This is in line with key findings from our global survey in April, where respondents listed “safety and hygiene” as one of their top food related concerns. While customers pre-COVID where not interested in what happened behind the scenes, restaurants now should not be afraid of showing customers their new safety procedures. For example, Gje Greene-Wallace of Fish City Grill and Half Shells, recently told Nation’s Restaurant News that she has an alarm in the dining room that reminds employees to stop what they’re doing and wash their hands – every 20 minutes.
The Return of Office workers
As restrictions are lifted, some employees are moving back to office life, which will affect restaurants, primarily in urban office areas. Restrictions on eating in the office, to comply with governmental back–to-work guidelines, may further benefit restaurants, as will commuting, which often leads to a stop “on the way” to and from work.
Delivery will continue to be in demand for Families
As mentioned above, families around the globe are more cautious and apprehensive to return dining rooms due to sanitation concerns, yet also have a high demand for food delivery. To go and delivery options give parents more perceived control over healthy/safety/sanitation issues as they can take precautionary measures such as reheating food and wiping down containers and surfaces. We believe this group will have a continued impact on the delivery sector and support Family Meal offerings added to menus.
Lift in transactions, balance in “check”
With further restaurant and market re-openings, transactions continue to increase for most operators with a relative steady state as to spend per guest. The balance in spend per Guest will continue to be of interest as there may be some decreases in party sizes, that grew during the COVID crisis with a focus on carryout and delivery, and potential price increases due to market pressures.
Pricing to the Transaction, respecting change in Party Size
With shifts in party size (and potentially different party sizes per revenue center), understanding price effects to unique transactions/guests becomes even more important. As RMS’ Joel Davis explains, we can no longer rely on the tried-and-true consumer value equation, therefore continuous testing and reacting quickly is vital. The importance is to understand the “real effect” of pricing to each check, looking beyond overall price inflation or simple item increases.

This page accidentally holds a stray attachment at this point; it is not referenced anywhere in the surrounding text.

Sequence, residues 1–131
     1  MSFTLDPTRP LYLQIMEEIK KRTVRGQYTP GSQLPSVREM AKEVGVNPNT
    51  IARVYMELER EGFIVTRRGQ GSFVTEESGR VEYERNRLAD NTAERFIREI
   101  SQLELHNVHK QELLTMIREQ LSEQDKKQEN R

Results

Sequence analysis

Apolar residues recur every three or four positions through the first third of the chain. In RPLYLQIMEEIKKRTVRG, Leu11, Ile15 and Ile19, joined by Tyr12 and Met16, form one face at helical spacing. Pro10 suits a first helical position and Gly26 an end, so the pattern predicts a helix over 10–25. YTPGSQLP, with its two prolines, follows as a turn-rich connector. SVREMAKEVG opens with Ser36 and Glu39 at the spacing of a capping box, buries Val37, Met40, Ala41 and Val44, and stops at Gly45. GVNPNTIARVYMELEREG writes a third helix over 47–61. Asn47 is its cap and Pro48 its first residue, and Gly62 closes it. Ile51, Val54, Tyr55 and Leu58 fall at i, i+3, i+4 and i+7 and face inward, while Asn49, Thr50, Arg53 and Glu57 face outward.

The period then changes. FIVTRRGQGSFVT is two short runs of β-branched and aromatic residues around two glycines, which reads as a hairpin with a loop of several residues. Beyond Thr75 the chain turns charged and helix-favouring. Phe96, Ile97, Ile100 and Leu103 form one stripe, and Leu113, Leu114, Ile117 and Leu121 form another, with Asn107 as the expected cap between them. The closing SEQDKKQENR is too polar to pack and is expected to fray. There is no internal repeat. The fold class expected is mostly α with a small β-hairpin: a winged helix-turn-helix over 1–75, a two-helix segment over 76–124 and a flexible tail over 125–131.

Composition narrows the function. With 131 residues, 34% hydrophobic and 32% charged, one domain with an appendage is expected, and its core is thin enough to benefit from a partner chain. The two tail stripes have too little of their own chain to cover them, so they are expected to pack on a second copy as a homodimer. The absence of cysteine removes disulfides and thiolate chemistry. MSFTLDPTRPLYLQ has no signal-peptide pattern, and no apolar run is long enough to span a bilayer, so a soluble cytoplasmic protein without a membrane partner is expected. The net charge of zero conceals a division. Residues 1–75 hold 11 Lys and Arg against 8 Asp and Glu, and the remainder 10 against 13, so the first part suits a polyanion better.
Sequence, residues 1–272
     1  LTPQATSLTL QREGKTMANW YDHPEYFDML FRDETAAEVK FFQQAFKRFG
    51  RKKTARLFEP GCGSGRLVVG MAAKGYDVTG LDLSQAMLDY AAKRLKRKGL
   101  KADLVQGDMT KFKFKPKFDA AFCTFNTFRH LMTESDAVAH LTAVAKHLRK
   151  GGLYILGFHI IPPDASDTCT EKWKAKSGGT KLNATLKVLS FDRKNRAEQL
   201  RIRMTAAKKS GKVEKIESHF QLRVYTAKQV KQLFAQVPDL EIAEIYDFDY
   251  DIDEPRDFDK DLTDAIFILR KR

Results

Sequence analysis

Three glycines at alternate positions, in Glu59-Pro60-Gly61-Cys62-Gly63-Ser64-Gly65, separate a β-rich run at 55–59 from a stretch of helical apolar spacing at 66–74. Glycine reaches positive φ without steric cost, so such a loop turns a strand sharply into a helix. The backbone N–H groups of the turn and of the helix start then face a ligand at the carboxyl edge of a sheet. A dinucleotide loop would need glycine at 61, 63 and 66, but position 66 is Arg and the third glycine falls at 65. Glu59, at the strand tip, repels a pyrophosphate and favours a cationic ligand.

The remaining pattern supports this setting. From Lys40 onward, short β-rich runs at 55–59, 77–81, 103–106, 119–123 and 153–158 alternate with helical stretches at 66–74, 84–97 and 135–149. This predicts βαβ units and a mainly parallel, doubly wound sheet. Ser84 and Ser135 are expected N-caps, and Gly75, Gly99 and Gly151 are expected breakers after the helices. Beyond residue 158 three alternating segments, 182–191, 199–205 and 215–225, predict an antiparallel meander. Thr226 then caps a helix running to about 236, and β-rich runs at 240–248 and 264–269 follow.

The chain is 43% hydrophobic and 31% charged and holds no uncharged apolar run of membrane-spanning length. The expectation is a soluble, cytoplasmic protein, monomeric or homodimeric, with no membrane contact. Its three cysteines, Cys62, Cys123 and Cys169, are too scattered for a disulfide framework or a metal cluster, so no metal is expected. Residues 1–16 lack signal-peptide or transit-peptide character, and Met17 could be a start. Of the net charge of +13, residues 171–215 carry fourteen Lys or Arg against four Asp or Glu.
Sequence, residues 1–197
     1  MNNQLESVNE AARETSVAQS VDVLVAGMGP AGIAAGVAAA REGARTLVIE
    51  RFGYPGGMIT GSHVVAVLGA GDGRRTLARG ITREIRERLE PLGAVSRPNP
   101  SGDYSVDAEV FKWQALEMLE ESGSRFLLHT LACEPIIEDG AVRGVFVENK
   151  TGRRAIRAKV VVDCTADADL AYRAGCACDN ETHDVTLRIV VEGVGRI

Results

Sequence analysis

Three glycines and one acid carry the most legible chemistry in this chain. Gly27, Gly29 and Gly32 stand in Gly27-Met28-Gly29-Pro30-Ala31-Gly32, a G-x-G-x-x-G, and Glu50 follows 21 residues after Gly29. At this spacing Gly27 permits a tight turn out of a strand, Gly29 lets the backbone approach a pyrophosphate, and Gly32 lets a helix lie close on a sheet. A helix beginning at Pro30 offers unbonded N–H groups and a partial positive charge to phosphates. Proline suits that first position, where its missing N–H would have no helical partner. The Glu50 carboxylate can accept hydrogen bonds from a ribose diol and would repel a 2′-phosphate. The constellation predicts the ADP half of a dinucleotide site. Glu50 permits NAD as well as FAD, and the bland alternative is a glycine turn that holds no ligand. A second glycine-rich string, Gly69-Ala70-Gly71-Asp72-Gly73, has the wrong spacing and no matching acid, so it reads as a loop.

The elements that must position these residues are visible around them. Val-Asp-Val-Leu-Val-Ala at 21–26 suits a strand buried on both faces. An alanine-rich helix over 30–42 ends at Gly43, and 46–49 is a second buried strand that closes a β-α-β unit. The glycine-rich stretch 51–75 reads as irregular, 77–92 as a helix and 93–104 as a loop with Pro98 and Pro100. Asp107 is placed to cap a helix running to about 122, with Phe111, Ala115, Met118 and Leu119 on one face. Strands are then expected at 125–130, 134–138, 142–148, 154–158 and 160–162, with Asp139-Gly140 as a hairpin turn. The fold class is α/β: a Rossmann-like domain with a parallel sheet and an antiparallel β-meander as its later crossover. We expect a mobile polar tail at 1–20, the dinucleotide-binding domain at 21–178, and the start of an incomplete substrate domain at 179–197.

Value and affordability is a major concern among potential customers, and RMS is discussing the benefit discounting to attract customers. This tactic only works for brands that can afford to stay in business over the medium to long term, because they are emerging from the crisis with strong cash reserves and a lot of liquidity and, thus have a great deal of opportunity.
If your brand is not in this position, we recommend instead to plan and test different traffic drivers and marketing initiatives, such as new LTO’s or new products at a lower price points as an alternative to price reductions.
Brands also should also consider the many ways guests see value. With expected market price inflation, understanding how best to combine “value for money” (did I get what I expected for the price paid through portion sizes and combined item offerings) and value promotions (short term efforts or items that provide a value ladder and various entry points for different guest types) to balance price tactics with market needs.
Al Fresco and Outdoor Dining
Due to indoor capacity rules and nicer weather, restaurants have turned their focus on using outside spaces to their maximum potential. In many cases, expanding service to patio and common areas has given restaurants more leeway with changing rules and legislations. Also, some cities continue to dedicate more space to pedestrians as there is less traditional traffic overall (cars and otherwise) giving more potential areas for restaurants/retail to utilize.
Wholesale to your Door
With less demand from restaurants, many direct wholesalers/retailers in the US, Asia and UK have taken to direct consumer marketing in order to maintain in business. This includes traditional “restaurant depots” allowing the general public to purchase from their units and even other meat/fishmongers offering home delivery of “restaurant quality product” to home kitchens. We are following this trend with interest as these outlets are directly competing with grocery stores and may remain good business for restaurants.